“OMG it’s you …

…… I’d forgotten what you sound like…..  this is very emotional – you’ve made my day”.

My friend Grace is a bit taken aback when she hears me speak for the first time since the voice procedure.  I’m much cheered by her response – it’s hard for me to judge sometimes.  I can hear a difference, but I can’t easily judge how much of one.

I’m also surprised by Grace’s response because I am not hearing what she hears.  I don’t think I sound like I used to.  I wish now that I’d recorded my voice before and after each procedure; that would have been the scientific way.

This I do know; I can speak without running out of breath.  And I can – dare I say it – sing.  Well – a bit.  This is not a voice that you would pay good money to hear.  I discover this ability in the shower one morning.  Although I’ve managed to ‘sing’ a few times before, it’s different this time.  No running out of breath after each word.  I call Annie to come and hear; she runs from the kitchen and listens with tears in her eyes, the onion peeler still in her hands.

It’s still a bit croaky or raspy – I find I have to clear my throat a lot.  And it’s not loud or strong.  It fades if I increase the volume.  Or speak at length.  So while conversation has become easier, something more demanding, like a long detailed explanation, has not.  A new career as an orator is clearly out of the question.

My friend Neil (from Fat Freddy’s Cat) phones to check on progress; he too is pleased to hear me.  Rehearsals beckon.  I explain that it’s early days as far as singing is concerned.  He’s very encouraging; “But you always sing in tune – that shouldn’t be affected”.  Hmm – I’m not so sure.  My current attempts are sometimes flat – notes miss their target.  It feels out of my control – I know the note I want to hit, but the one I hear is not it.  I don’t know if this is something that can be re-learned or just comes back naturally.  And then today, as if to remind me just who is in charge, my singing voice disappears.  Nothing – not a peep.  I’m not unduly worried.  I assume it’s just having a bad day and that it will return.  It just reinforces the feeling that life has become totally unpredictable.

I’m due to see Mr ENT in two weeks for a post-procedure review.  This has added importance since I was out of it for most of the time and so I’ve no real idea of what he actually did.  I will tell him about my vocal dexterity in the shower.  What he’ll make of it, I’m not sure.  The first time we met he was confident about speech – “I can give you a speaking voice” – but as far as singing is concerned, he was much like me – silent.  I don’t expect him to offer another injection or thyroplasty¹ (which was something we did discuss at one stage).  But I do want advice and guidance on how best to preserve or even improve upon what I currently have.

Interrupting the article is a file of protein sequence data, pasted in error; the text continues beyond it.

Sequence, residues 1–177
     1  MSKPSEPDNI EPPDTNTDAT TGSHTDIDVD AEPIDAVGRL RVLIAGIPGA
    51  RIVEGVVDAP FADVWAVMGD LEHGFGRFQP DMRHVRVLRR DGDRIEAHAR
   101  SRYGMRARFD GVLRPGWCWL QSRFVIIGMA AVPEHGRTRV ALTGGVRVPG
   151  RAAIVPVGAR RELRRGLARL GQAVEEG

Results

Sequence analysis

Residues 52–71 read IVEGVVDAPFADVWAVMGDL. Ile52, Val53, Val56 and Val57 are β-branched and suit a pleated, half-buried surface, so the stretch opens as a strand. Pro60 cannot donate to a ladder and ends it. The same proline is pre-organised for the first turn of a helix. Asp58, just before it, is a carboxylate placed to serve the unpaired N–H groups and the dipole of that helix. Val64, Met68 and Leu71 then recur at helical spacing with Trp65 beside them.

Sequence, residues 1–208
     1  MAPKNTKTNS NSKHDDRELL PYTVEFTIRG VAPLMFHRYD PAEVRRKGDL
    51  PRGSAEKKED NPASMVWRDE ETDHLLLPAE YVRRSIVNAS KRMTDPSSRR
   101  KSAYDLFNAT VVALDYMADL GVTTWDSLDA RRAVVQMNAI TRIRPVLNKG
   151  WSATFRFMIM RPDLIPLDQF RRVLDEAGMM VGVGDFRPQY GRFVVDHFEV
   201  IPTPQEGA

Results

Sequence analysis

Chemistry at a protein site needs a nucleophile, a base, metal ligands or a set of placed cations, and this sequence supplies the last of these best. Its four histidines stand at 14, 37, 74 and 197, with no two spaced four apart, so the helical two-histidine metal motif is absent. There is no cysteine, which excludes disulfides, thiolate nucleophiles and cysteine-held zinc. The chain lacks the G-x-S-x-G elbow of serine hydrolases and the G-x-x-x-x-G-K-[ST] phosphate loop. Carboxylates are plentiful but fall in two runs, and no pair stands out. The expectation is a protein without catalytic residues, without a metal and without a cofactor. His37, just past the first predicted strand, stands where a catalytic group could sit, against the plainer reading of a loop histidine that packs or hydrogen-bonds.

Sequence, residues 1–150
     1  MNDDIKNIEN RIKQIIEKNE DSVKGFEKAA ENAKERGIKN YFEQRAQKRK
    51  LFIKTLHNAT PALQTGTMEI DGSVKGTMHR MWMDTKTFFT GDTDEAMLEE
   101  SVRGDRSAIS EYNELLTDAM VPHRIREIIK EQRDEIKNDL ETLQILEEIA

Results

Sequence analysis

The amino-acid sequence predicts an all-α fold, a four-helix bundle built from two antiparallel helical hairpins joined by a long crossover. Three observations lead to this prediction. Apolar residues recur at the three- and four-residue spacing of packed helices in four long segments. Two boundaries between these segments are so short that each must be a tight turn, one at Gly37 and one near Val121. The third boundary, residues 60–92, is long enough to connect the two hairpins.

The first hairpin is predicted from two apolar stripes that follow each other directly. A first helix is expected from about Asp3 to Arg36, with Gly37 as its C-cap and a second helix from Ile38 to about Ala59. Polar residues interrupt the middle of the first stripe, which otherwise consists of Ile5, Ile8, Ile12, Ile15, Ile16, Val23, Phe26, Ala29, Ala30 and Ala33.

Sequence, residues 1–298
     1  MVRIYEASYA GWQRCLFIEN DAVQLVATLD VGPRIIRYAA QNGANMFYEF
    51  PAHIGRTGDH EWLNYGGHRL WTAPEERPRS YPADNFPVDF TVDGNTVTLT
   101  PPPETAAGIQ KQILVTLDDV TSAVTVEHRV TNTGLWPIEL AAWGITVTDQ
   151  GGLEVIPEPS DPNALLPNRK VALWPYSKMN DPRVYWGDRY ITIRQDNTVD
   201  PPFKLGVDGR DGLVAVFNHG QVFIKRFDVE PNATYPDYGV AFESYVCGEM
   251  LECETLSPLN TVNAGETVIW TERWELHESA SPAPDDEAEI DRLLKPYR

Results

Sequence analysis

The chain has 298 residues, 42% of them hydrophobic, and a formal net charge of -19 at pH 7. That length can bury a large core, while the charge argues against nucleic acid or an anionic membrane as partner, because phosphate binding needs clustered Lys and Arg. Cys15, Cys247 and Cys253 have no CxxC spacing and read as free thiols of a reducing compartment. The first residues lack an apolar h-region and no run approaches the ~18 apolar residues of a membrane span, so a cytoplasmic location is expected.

From time to time I look back at some of the earlier entries in this Blog.  It’s a handy reminder of times when I thought my world had ended – but clearly hadn’t.  Things go bad – and then they get better.  But good and bad can be relative.  It’s a bit like living in a lift, where the ground floor is never in the same place.  You can go up and down just fine – but you never end up back where you started.  I don’t know if I’ll ever be able to sing in public again – and perhaps, in the end, that’s not important.  But singing with friends is.  I’ll be happy if the lift stops at that floor.


¹ Insertion of a plastic ‘wedge’ in the side of the neck to force the vocal cord to move towards the middle of the voice box.
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3 Responses to “OMG it’s you …

  1. Thank you for sharing this tremendous news. Annie is not the only one with tears in her eyes. You have shared you journey with so many people, known and unknown to you. You have shown such courage, accompanied with much humour and pathos along the way, hitting highs only to be thrown down to the lowest point, never once pitying yourself, in all the suffering you have undergone. Any plans to publish a sequel to your first book ? I do hope so – it will represent hope and a light at the end of the tunnel, for those who are now confronted with entering their ‘own long tunnel’. I am nipping downstairs to play your lovely song ‘I want to dance with you’ and hearing your voice will make my day! May you and Annie finally find peace and joy once again, for the remainder of your lives together. May every sunrise and sunset be always beautiful for you. Bless you both.

  2. Mike Freeman says:

    I understand Annie`s response I was visiting a a friend who had been in intensive care for three weeks and had had a tracheotomy. His progress had been good enough to be moved to a side ward. He was still connected to the the tubes but was able to speak – although rather like a Dalek I found myself quite emotional. So I guess Annie was really moved.
    Mike
    I

  3. Ian says:

    Not that I’m any kind of expert, but I know that under normal circumstances vocal chords lose their flexibility when they’re not used so much. It that’s right then it’s possible that with more (gentle!) practice your range and precision could improve.

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